BAe sends engineers into schools

British Aerospace is to send up to 500 of its younger engineers back to school – to teach local kids about engineering. The move is the biggest attempt by a British engineering company to win the hearts and minds of its future employees. The project starts this autumn and will involve engineers under the age […]

British Aerospace is to send up to 500 of its younger engineers back to school – to teach local kids about engineering. The move is the biggest attempt by a British engineering company to win the hearts and minds of its future employees.

The project starts this autumn and will involve engineers under the age of 26, drawn from BAe sites all over the UK. It will be obligatory for many as part of their career development plan. One day’s training will be provided.

The project comes on top of another BAe scheme to provide aerodynamics-related curriculum material for schools. BAe engineers will spend three to five days in schools presenting the learning materials.

Andy Lovett, a BAe engineer coordinating the young engineers in school programme, said an enthusiastic approach would be essential but admitted that not all engineers may be cut out for the task. `If someone took part in training and it was felt they were unsuitable, they will not be forced to do it,’ he said.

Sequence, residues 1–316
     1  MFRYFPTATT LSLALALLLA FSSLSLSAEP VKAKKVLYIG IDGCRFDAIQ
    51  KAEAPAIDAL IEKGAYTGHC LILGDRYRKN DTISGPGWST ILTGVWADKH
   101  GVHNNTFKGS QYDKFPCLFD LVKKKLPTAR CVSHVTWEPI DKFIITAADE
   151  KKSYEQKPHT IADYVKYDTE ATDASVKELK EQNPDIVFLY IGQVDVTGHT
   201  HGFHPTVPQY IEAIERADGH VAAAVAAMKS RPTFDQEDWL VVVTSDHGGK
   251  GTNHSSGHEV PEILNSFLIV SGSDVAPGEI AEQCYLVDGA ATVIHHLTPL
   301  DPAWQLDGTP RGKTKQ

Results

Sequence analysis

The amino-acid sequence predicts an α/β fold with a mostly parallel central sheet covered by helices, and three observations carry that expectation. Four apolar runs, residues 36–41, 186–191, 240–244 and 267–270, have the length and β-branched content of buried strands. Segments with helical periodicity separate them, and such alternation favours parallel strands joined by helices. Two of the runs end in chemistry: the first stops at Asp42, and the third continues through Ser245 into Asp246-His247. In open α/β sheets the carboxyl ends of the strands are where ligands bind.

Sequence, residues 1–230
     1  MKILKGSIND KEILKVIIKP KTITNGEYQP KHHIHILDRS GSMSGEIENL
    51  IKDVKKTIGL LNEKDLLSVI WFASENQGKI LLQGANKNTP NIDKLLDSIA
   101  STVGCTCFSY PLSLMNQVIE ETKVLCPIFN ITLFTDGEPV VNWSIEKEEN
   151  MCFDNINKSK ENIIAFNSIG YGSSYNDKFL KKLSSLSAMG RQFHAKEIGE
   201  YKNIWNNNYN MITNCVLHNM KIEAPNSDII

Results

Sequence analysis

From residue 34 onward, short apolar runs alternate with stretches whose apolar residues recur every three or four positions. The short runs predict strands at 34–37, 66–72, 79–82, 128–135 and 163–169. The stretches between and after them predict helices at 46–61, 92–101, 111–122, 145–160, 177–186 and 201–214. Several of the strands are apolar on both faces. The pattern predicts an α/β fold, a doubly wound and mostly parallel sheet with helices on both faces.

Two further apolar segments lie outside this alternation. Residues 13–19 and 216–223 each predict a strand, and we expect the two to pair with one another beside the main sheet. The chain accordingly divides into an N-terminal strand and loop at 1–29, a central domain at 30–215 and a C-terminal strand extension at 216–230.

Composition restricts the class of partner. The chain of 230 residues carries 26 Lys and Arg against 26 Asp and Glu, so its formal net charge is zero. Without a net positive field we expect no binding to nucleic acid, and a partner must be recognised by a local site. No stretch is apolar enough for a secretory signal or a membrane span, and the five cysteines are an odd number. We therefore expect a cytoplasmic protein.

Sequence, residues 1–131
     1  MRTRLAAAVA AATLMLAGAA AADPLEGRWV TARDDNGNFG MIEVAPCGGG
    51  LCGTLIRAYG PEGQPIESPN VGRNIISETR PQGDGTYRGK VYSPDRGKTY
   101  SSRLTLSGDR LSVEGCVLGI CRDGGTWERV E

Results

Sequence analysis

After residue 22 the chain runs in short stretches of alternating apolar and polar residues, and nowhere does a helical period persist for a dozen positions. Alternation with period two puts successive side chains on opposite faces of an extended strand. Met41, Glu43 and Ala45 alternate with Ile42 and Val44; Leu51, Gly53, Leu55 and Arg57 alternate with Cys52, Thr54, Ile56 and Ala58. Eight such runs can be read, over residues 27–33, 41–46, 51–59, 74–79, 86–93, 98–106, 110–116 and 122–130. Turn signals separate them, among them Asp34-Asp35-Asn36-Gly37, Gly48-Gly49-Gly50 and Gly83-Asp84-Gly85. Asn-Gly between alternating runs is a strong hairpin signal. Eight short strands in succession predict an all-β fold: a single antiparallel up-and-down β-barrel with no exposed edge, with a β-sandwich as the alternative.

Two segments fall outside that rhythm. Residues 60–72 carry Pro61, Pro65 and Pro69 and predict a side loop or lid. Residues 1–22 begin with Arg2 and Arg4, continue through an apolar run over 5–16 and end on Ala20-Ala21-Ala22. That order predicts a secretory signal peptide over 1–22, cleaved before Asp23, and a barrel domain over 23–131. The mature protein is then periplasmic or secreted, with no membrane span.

But Johnny Ball, former comedian and now populariser of science and mathematics, who has been hired by engineering firms to enthuse young people about engineering, warned that the quality of delivery would be the key to the message sinking in.

`Many companies get the wrong kind of people in front of children,’ he said. `The people doing it are often not the high flyers. You won’t get people to become engineers if the engineers they meet give them a boring presentation,’ he said.

Details of the project were revealed alongside the annual congress meeting of the Campaign to Promote Engineering, the industry and government-funded umbrella organisation to back initiatives to promote engineering to the public.

CPE chairman Alex McDiarmid told the congress time was running out for firms to get behind the profession.

`We have only a short window of opportunity to reverse the generally negative perceptions people in the UK have of engineering before crises of major proportions occur,’ he said.